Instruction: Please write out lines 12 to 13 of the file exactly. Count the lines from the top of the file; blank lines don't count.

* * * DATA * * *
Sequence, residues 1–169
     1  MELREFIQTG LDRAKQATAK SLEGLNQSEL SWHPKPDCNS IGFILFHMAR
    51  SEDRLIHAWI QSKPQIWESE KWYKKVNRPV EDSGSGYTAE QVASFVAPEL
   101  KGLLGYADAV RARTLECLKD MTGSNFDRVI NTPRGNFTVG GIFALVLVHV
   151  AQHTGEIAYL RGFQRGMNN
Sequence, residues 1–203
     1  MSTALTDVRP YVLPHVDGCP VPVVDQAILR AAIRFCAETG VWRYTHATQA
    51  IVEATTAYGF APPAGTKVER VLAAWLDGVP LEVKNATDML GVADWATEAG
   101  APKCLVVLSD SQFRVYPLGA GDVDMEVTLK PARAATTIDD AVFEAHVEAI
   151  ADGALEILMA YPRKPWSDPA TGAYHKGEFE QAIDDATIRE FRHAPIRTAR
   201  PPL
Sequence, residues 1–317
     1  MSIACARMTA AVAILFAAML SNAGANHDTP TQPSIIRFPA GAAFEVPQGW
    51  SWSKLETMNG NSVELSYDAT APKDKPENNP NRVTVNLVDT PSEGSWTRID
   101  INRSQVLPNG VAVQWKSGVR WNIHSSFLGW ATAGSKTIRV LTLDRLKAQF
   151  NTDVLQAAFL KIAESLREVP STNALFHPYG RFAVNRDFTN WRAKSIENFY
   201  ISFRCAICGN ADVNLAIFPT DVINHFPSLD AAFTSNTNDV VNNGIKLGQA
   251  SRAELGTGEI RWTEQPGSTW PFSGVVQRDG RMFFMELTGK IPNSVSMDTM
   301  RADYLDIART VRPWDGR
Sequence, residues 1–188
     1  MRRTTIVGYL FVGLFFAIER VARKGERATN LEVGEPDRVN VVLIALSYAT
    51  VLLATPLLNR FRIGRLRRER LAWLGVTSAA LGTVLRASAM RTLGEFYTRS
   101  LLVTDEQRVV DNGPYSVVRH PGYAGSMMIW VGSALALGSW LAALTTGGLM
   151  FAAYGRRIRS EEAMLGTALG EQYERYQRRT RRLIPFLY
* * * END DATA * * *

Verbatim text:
Sequence, residues 1–317
     1  MSIACARMTA AVAILFAAML SNAGANHDTP TQPSIIRFPA GAAFEVPQGW